Forget Captain Kirk, Luke Skywalker and Han Solo. Here's the secret to all successful science fiction franchises: Behind every strong man is an even stronger woman.
Take Star Trek
. Captain Kirk's space flavor of the week may have occasionally stolen the spotlight, but communications officer Lt. Uhura
broke ground as one of the few African-American women featured as series regulars in 1960s television. She continued to shatter barriers by sharing television's first interracial kiss with Captain Kirk. When actress Nichelle Nichols thought about leaving Star Trek
, Martin Luther King Jr. himself called and asked her to reconsider.
A parade of strong women followed—Star Wars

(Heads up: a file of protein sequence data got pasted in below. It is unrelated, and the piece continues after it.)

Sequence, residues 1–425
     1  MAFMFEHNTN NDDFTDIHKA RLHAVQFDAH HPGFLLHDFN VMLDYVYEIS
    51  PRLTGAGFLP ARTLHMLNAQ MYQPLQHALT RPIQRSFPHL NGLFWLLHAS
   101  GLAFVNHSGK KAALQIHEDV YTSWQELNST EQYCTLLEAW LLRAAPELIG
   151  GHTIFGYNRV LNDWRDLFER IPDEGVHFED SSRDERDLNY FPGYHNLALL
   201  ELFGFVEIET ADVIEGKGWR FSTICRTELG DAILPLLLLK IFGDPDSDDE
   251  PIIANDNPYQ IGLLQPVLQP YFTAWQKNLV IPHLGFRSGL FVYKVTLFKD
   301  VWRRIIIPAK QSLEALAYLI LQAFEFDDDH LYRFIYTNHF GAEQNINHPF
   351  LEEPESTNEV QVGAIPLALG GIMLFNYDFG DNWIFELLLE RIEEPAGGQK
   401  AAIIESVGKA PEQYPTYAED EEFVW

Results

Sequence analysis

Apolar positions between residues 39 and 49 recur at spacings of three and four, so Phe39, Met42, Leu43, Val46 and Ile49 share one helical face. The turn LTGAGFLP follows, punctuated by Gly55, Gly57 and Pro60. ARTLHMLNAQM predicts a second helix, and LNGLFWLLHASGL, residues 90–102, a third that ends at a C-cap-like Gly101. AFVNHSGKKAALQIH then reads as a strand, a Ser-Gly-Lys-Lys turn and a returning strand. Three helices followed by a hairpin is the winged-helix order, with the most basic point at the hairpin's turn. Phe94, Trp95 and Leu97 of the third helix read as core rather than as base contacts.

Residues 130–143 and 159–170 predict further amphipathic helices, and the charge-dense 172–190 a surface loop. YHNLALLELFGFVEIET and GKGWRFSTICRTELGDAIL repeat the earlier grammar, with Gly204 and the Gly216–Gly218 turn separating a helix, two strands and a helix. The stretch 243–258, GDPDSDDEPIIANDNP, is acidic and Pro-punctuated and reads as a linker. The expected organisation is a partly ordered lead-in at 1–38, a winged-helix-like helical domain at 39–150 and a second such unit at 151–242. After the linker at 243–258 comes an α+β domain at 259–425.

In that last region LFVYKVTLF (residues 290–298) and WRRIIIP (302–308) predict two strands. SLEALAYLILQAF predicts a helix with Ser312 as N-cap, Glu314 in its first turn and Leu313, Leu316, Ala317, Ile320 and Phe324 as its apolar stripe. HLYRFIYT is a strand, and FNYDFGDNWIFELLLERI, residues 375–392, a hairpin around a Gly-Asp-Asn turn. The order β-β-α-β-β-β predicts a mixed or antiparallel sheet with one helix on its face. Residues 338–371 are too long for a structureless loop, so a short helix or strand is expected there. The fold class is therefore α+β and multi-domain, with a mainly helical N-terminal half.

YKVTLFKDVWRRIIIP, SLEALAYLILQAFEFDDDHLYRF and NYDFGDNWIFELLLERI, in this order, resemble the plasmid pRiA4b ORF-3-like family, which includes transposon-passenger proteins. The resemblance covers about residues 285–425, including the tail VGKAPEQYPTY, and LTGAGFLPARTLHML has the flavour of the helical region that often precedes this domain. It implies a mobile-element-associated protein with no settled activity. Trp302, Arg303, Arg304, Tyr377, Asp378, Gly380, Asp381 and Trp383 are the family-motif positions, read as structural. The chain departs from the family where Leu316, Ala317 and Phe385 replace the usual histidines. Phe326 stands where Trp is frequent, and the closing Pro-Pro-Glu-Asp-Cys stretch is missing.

' Princess Leia, Terminator
's Sarah Connor and Alien
's Lt. Ripley, to name a few. Blockbusters on screen, science fiction has become just as popular, if not more, on television. Show creators have taken fantasies from space and brought unexplained phenomena back down to Earth. In The X-Files
, Agent Dana Scully investigated alien abductions, ominous monsters and all other things that went bump in the night in what could have very well been our own backyards.
Which brings us to what's filling our TiVos today. ABC's V
and Fox's Fringe
are two of the most recent breakout hits on television, and women warriors are at the heart of both science fiction series.